While the same thing should take place when approving an edit, it's much easier to miss something that's amiss with the edit. In this case, multiple eyes is probably a good idea.

Secondarily, if you edit a post yourself, your name is displayed prominently on the question or answer.

  • 2
    Perhaps there should be a different requirement if I'm reviewing the edit because I was on the question vs. plowing through the edit queue. It seems silly that I can edit a question unchecked, but I can't approve someone else's edit.
    – Aaron Bertrand Staff
    Commented Jul 5, 2012 at 14:39
  • I filed a related request. meta.stackexchange.com/questions/138774/…
    – Aaron Bertrand Staff
    Commented Jul 5, 2012 at 14:57
  • "While the same thing should take place when approving an edit, it's much easier to miss something that's amiss with the edit. In this case, multiple eyes is probably a good idea." Then fix it afterward. If the edit is completely bad and you misclicked to approve it, it can be rolled back. If it's a step in the right direction but the post needs more work, then just re-edit. The original changes should be a separate edit, as everyone who has ever used a VCS ought to understand. Commented Jul 11, 2022 at 3:17
  • In my view, none of this justifies the need for a separate pair of eyes. The system has already decided that a high-reputation user's eyes are enough to act unilaterally. The fact that a lower-rep user also wants to contribute to the site, should never slow me down from doing anything that I could have done normally, as compared to the case where that other user didn't intervene. Commented Jul 11, 2022 at 3:19
  • It's easier I think for bad edits to slip through a reviewer than for someone familiar with the problem and editing his own answer to let a bad edit through. So I think as a safe-guard they have made it so that multiple reviewers must approve (this is my guess). Bad edits that slip through has been a bugaboo for this site in the past, and less so with the need for multiple user's approval.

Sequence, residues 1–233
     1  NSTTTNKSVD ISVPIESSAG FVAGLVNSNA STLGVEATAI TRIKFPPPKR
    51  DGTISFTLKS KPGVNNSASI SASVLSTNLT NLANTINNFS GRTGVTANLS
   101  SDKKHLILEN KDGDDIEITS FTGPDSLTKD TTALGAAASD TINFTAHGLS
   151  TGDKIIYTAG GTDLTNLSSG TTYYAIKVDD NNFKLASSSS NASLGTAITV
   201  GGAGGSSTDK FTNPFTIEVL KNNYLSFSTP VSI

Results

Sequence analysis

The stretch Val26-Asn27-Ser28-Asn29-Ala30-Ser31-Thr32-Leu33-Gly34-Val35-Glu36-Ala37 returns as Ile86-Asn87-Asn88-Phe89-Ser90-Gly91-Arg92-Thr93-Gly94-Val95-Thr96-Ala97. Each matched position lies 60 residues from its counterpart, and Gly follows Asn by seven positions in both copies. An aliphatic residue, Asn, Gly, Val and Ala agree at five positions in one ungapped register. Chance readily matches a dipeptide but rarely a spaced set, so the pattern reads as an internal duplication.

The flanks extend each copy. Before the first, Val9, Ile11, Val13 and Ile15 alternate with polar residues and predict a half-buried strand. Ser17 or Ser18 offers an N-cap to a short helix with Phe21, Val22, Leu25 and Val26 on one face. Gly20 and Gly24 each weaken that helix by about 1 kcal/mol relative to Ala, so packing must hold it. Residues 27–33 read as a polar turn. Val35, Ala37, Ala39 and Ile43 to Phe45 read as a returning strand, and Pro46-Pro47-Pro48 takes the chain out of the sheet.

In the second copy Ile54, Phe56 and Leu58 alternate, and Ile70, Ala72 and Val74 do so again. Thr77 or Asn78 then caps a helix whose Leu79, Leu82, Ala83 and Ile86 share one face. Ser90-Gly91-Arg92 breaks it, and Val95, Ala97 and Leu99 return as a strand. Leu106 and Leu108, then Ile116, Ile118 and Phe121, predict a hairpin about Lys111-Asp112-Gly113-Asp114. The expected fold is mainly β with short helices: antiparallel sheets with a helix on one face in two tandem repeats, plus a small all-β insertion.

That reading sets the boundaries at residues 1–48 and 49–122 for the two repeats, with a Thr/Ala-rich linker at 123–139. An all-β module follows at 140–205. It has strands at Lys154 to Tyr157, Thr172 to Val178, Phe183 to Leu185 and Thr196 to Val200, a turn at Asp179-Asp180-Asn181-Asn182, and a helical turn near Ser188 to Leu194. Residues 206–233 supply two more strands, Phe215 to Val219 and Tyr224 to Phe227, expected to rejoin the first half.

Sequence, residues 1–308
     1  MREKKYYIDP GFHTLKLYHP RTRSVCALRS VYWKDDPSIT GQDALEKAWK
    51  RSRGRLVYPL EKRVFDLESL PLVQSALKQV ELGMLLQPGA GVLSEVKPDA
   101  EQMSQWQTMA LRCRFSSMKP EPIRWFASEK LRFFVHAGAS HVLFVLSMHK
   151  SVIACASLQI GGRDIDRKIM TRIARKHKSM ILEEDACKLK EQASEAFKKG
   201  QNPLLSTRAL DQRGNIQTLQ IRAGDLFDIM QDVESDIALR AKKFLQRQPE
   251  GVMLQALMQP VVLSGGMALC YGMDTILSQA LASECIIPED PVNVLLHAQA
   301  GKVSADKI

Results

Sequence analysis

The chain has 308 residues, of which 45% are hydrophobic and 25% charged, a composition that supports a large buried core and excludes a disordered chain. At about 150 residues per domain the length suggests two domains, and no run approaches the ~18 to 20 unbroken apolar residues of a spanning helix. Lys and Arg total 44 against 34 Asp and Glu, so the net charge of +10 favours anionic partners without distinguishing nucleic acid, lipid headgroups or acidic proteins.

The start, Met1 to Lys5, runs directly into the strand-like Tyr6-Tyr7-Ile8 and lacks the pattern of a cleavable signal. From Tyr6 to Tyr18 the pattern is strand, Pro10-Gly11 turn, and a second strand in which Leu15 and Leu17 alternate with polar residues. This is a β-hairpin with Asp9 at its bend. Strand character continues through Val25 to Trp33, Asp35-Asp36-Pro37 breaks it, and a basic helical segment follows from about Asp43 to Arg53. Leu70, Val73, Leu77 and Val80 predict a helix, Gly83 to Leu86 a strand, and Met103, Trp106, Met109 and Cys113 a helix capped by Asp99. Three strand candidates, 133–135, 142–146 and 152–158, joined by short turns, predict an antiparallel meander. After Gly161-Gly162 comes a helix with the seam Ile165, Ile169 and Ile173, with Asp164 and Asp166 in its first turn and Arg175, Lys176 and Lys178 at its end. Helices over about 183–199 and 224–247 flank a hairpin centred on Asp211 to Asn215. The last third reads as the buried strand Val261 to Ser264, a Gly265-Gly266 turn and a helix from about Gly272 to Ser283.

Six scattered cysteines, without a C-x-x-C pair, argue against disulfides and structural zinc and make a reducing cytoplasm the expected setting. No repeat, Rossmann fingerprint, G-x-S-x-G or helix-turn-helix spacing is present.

• This may be even more important for rejected edits.
  • Note that you can always improve the edit, and thereby bypass the need for other reviewers.

For example, when editing SO questions, this appears for me:

enter image description here

I see 4 buttons -- Approve, Reject, Improve, and Skip. By pressing the Improve button, I am allowed to make changes (or not) to the edit and short-circuit its approval.

  • How can I improve the edit? It won't allow me to edit until its approved/rejected.
    – Petah
    Commented Dec 15, 2013 at 21:28
  • @Petah: see edit to anwer. Commented Dec 15, 2013 at 21:31
  • I'm not in the review section, it was on the actual question page.
    – Petah
    Commented Dec 15, 2013 at 21:35
  • @Petah: hm, I see the same 4 buttons when checking the page, I believe. Commented Dec 15, 2013 at 21:35
  • Why is it such a problem if a bad edit slips through? It only takes one user to roll it back. And - what actually happens when I click "Improve"? Will credit be given in that log to the original author? Do I really not actually have to change the code? If both of those are satisfied, then we do have the requested functionality - we just have to use a bizarre and undocumented workaround to get it, while the justification for the surface-level restriction is paper thin. Bizarre. Commented Jul 11, 2022 at 3:10

If I agree with the suggested edit I'll simply click agree. At first that seemed contrary to the normal "Instantly accept the changes I made" scenario, but it wasn't a big deal to me.

If I mostly agree with a suggested edit I'll improve it, which will immediately accept their suggestions plus accept my changes. And, that I think is a great solution to the problem.

If the suggested edit smells for almost any reason I'll reject it. Usually that's because some newbie has edited a submitted answer that doesn't belong to them instead of using the comments to recommend a change. Other times it's because a newbie has altered the original question, especially if that question, or answer, is from someone with a significantly higher reputation.


It's so that not just one person games with someone to earn the badges.

  • 2
    Why would gaming only be happening on Stack Overflow, and not on other SE sites?
    – Arjan
    Commented Feb 10, 2011 at 13:40
  • @Arjan - sheer numbers?
    – Rory Alsop
    Commented May 26, 2011 at 15:27
  • Great idea!! :) Commented Sep 2, 2011 at 1:47